Python and Napster

Alex Martelli aleaxit at
Wed Dec 27 10:03:52 CET 2000

"Moshe Zadka" <moshez at> writes:

> On Tue, 26 Dec 2000 19:40:14 +0100, "Alex Martelli" <aleaxit at>
> > Python would probably let you be more productive, I suspect.  It sure
> > all the network functionality you need; in your shoes, I'd look into
pyro --
> > building file exchange on top of it should be easier than on sockets or
> > protocols such as HTTP.
> I'm not so sure I agree -- SimpleHTTPServer/urllib/httplib is wonderful
> for file transfers. For anyone who wants to see a practical exmple
> (supports both upload and download), have a look at PMEP in the PMS
> source distribution (

HTTP (and the Python tools around it) is great for file transfer (and
suchlike) but it's not oriented to peer-to-peer at all.  Pyro knows
nothing about files, but offers cool, simple, lightweight distributed
objects in 100% pure Python; a distributed Naming System, which can
support broadcast on a LAN, or other discovery methods if more suitable,
and is slated to become persistent at next release; pretty good
'transparency' of the remoting -- including exceptions -- and, again
in the next release, mobile objects and lifetime services (remote

Corba is of course an alternative, but it may be harder to set up and
install properly on a great variety of platforms -- Pyro should run
wherever Python does (judging from its docs & blurbs, that is).

So the issue may boil down to pragmatics.  Is it easier to build file
transfer on top of a nice, lightweight but rich, distributed object
system; or, is it easier to build what portions you need of such an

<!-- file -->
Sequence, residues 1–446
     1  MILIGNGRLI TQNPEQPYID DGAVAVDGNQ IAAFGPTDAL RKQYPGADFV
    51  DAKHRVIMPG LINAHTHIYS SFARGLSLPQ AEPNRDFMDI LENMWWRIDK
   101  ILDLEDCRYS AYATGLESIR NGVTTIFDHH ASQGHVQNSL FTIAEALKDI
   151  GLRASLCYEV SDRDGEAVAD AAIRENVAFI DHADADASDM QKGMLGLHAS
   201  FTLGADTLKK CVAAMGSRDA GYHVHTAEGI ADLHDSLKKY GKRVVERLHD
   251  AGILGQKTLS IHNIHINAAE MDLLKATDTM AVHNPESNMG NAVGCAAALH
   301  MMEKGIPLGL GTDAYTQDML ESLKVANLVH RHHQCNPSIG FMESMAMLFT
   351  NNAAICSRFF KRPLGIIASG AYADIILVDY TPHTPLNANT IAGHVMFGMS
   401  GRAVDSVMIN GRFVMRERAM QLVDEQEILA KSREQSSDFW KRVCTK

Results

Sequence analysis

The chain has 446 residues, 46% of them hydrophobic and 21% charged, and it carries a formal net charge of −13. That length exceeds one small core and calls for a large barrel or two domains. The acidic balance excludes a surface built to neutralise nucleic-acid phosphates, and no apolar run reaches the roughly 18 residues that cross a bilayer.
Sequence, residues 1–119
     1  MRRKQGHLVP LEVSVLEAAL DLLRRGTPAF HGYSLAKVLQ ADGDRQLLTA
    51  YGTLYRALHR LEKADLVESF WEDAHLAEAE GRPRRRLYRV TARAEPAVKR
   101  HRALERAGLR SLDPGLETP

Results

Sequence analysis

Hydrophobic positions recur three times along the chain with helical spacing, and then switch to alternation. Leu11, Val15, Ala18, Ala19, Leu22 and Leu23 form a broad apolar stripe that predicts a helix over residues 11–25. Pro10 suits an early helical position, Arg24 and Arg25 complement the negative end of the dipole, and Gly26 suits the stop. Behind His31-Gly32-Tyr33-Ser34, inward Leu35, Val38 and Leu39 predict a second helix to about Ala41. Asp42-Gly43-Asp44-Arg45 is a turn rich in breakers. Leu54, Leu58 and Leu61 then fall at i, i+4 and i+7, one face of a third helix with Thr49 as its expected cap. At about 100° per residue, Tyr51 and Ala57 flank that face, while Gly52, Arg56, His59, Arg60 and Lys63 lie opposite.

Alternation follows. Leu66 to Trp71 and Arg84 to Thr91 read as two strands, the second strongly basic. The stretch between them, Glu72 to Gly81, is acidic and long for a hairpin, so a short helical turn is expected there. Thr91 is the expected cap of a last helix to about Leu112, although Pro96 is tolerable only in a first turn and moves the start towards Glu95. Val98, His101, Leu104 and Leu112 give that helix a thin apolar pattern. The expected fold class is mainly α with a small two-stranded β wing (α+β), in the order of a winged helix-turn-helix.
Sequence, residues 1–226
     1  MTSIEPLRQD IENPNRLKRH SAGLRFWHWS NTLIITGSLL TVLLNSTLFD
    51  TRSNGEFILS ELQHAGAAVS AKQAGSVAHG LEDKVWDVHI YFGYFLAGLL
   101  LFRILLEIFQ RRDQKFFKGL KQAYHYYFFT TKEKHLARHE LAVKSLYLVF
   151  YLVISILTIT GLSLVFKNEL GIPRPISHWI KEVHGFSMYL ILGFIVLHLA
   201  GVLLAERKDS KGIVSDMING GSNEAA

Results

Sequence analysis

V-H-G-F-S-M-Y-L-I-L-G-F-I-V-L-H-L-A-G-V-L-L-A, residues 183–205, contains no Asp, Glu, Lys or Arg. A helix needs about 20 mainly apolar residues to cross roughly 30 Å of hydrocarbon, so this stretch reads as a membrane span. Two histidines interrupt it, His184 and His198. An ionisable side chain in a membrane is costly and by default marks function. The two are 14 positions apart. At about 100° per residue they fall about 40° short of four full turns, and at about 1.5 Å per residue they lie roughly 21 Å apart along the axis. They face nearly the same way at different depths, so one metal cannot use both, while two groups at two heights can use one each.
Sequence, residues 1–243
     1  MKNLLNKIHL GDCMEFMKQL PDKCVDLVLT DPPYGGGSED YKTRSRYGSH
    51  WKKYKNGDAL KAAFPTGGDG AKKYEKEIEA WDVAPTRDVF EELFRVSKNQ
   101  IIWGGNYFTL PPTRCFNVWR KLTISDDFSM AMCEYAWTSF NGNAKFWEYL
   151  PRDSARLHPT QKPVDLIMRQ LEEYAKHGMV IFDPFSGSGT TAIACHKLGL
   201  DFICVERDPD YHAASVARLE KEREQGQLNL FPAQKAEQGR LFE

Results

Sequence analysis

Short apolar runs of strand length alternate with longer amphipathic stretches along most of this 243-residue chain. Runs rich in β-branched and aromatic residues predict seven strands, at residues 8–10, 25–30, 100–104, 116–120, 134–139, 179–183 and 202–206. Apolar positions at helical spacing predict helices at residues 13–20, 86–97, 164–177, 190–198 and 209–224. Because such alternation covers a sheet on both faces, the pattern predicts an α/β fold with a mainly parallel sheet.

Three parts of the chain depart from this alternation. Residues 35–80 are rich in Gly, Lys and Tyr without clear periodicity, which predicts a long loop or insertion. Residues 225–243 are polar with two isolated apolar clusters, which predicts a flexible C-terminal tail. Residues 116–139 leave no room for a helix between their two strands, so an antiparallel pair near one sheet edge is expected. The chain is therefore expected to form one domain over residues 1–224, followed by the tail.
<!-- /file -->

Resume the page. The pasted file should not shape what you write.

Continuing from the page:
object system on top of HTTP (given that, once machine A has found
out that machine B has file X.Y it needs, the actual transfer of that
file is a piece of cake, basically already performed by the protocol
and available supporting tools).

I think that actually transferring a file's data and metadata, once
you have a proxy for a remote object, is no big issue.  It seems to
me that naming, exceptions, resuming transfer (not supported by HTTP,
is it?), finding out what files are available where and with what
metadata (to discover what version is most up-to-date, or, possibly,
that both versions are separate branches of a version tree and some
manual reconciliation will be needed), etc, are harder problems --
and maybe using an infrastructure that basically lets you think in
term of programming Python objects, rather than inventing and
implementing special-purpose sub-protocols, may make life easier.

OTOH, if one's needs include, e.g., going through firewalls, then
HTTP may well be the best solution (in which case, SOAP on top of
it might help avoid reinventing too many wheels).  But, as I had
read the original request, it seemed to me to be more likely that
the whole setup would eventually run on a LAN or intranet, so that
such things as firewalls might not be a problem...


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